May 10, 2013



THE GREAT GATSBY:  Watch It At Home – Moulin Gatsby

Just for fun, let’s try to think of a worse match of filmmaker and material than Baz Luhrmann and F. Scott Fitzgerald’s THE GREAT GATSBY.  Judd Apatow’s Macbeth?  Woody Allen’s Lord of the Rings?  Michael Bay’s Remembrance of Things Past?  Jean-Luc Godard’s Shrek?  (Although I’d pay to see that last one.)  Luhrmann is far from untalented, but he’s like that scorpion riding with the frog–he can’t change his filmmaking nature, and he’ll drown his own movie as well as Fitzgerald rather than alter his style.  The novel’s prose is famously supple, fragile, ruminative–all things outside Luhrmann’s comfort zone.  Luhrmann stages every scene of his Gatsby as though it’s a production number, and he probably should have gone all the way and turned it into a musical.  At least then it would have an identity of its own.

Gatsby has proven resistant to effective adaptation (unless you count the Elevator Repair Co’s stage version Gatz, which was built around a reading of the entire book from beginning to end).  The novel’s background of spectacle, romance and melodrama makes it seem like fertile ground for a movie, but none of the films have worked because truly, it’s a reverie about failed dreams, frustration and doomed hope.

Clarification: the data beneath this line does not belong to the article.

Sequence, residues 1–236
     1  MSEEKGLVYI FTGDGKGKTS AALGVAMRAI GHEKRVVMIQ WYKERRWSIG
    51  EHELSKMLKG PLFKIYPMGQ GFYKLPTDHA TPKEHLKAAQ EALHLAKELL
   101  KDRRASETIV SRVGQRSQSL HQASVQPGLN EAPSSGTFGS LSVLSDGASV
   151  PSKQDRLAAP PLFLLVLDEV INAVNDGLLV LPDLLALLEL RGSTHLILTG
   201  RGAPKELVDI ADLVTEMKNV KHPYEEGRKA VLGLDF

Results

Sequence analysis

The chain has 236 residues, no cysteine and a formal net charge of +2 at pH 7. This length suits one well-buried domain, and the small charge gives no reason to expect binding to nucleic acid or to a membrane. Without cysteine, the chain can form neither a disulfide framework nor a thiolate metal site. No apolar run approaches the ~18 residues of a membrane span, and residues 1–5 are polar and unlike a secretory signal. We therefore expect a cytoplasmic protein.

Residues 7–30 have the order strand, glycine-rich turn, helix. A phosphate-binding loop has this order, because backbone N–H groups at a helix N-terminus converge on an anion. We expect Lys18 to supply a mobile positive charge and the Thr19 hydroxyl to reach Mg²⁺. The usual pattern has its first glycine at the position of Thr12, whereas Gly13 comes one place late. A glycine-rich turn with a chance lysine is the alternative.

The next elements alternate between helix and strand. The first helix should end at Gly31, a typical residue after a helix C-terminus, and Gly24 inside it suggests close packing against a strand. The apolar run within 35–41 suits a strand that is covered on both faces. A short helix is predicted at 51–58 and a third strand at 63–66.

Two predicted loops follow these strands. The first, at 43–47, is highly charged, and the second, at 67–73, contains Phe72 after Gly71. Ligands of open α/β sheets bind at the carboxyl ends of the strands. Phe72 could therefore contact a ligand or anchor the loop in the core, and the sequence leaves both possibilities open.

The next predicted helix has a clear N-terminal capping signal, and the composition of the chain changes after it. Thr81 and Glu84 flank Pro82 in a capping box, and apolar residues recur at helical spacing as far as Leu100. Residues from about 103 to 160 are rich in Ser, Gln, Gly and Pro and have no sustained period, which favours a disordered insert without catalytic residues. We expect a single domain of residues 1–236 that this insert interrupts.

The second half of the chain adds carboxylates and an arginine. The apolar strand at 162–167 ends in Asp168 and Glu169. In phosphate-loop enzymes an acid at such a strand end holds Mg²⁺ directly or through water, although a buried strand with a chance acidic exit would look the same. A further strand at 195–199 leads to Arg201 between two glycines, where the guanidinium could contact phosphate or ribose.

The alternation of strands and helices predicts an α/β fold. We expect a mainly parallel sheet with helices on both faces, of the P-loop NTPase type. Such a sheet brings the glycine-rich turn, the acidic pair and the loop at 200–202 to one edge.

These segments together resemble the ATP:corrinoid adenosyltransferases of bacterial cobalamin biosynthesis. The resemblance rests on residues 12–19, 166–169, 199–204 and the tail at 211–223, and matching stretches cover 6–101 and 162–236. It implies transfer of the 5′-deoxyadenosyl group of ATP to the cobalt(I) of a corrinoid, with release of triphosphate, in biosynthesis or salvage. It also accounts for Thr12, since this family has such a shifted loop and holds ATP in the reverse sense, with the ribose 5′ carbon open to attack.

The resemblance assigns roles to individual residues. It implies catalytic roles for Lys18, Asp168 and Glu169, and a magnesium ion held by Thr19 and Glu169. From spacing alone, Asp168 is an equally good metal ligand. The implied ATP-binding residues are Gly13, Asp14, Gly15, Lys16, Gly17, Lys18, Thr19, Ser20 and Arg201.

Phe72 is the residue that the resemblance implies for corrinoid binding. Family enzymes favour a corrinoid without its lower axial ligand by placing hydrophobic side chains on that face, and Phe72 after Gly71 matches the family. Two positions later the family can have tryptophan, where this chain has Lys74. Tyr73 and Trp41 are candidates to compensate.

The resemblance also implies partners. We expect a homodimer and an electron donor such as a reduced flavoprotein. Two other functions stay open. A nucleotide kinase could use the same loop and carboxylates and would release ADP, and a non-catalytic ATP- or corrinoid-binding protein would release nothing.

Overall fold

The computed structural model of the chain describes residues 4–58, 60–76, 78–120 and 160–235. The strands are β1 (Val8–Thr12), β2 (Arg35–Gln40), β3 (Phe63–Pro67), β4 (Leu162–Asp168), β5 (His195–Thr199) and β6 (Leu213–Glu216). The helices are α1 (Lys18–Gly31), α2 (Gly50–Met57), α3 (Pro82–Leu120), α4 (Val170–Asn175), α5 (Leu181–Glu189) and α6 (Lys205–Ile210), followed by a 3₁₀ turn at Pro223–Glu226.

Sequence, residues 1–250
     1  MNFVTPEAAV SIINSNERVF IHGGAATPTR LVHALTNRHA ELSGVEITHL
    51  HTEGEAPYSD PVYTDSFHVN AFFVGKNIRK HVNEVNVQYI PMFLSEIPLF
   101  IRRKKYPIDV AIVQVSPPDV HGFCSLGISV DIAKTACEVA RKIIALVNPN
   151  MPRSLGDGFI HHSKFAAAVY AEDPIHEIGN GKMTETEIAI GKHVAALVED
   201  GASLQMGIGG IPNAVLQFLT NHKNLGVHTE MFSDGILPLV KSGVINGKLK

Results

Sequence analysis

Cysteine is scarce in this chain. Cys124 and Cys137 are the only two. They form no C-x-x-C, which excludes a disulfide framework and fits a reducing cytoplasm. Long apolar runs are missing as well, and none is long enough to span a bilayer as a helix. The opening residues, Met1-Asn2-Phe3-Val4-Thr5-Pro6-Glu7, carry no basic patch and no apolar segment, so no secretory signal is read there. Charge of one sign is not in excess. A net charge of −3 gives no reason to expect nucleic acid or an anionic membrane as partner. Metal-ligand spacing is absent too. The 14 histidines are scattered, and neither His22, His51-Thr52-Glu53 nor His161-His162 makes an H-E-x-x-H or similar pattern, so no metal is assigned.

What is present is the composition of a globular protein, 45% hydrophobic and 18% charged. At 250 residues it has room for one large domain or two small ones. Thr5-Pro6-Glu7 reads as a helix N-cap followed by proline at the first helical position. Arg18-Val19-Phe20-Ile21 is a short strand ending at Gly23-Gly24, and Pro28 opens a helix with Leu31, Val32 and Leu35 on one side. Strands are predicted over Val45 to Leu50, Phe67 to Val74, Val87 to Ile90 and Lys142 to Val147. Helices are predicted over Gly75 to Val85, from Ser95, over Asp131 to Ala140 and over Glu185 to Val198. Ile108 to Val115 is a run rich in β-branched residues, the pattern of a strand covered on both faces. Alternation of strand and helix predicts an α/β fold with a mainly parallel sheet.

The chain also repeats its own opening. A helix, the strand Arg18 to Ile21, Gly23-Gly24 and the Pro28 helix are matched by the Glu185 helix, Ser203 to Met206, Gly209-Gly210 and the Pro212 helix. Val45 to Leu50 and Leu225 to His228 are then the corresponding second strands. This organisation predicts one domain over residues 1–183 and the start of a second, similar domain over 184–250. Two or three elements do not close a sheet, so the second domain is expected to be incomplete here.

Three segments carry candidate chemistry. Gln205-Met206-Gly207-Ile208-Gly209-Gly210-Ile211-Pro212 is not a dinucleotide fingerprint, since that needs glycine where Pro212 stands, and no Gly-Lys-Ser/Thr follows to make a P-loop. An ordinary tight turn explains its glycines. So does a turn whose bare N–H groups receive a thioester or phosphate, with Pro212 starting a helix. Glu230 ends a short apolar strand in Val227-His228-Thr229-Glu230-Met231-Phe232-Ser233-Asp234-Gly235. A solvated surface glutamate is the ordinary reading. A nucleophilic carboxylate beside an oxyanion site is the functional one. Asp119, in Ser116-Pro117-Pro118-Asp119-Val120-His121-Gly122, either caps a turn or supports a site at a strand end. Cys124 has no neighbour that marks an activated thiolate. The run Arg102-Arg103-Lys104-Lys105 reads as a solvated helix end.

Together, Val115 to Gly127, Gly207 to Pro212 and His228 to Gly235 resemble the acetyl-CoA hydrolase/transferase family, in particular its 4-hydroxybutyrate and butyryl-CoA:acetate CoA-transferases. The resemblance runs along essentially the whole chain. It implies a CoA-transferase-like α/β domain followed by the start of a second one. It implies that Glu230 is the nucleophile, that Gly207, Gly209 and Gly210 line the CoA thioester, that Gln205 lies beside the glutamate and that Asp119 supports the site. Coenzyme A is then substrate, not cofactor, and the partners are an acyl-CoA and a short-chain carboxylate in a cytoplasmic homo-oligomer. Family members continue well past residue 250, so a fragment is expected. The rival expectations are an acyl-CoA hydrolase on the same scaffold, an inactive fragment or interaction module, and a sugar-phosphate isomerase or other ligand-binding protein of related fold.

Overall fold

Although the adaptation is fairly faithful to the novel (the script is co-written by Luhrmann and his customary collaborator Craig Pearce), the film, of course, doesn’t focus on any of that.  In fact, for a long time it tries not to focus at all.  The first half of this Gatsby is essentially a revamp of Moulin Rouge! with the Roaring Twenties in New York standing in for the Parisian Gay Nineties.  The script even reuses the bookending structure of Rouge!, adding scenes of Nick Carraway (Tobey Maguire) writing the novel while in a sanatorium being treated for alcoholism (so very Fitzgerald of him), just as Ewan McGregor began Rouge! by writing and narrating his sad story.   And of course the party sequences are frenzies of choreography, anachronistic music (the soundtrack was produced by Jay-Z) and fireworks, no over-the-topness too extreme.

The plot, for anyone not paying attention in high school, is fairly slender.  Nick, a poor relation of a wealthy midwest family, takes a house in West Egg on Long Island while working as a bond salesman in the booming Wall Street of pre-1929.  His small house is next to the massive mansion of Jay Gatsby (Leonardo DiCaprio), a mysterious tycoon and possible bootlegger who throws those wondrous parties, all the time longing that Daisy Buchanan (Carey Mulligan), who he once loved and lost, will visit.  As it happens, Nick is a removed cousin of Daisy’s, and Gatsby asks him to bring them together.  This leads to ultimately serious complications with Daisy’s husband Tom (Joel Edgerton), who has inherited wealth and who is himself having an affair with Myrtle Wilson (Isla Fisher), wife of a local auto mechanic.

Gatsby and Daisy don’t share a scene together until the movie is half over, so Luhrmann has plenty of space to load up with visual overkill.  Apart from the parties–Gatsby is introduced, literally, as “Rhapsody in Blue” climaxes on the soundtrack and fireworks burst over his head–there are CG crane shots and zooms into and around a cartoon-like recreation of 1920s New York that look, in 3D, like they were shot from the deck of the Millenium Falcon, and the desolate “Valley of Ashes” where Myrtle lives with her husband is like the post-apocalyptic landscape of a Mad Max movie.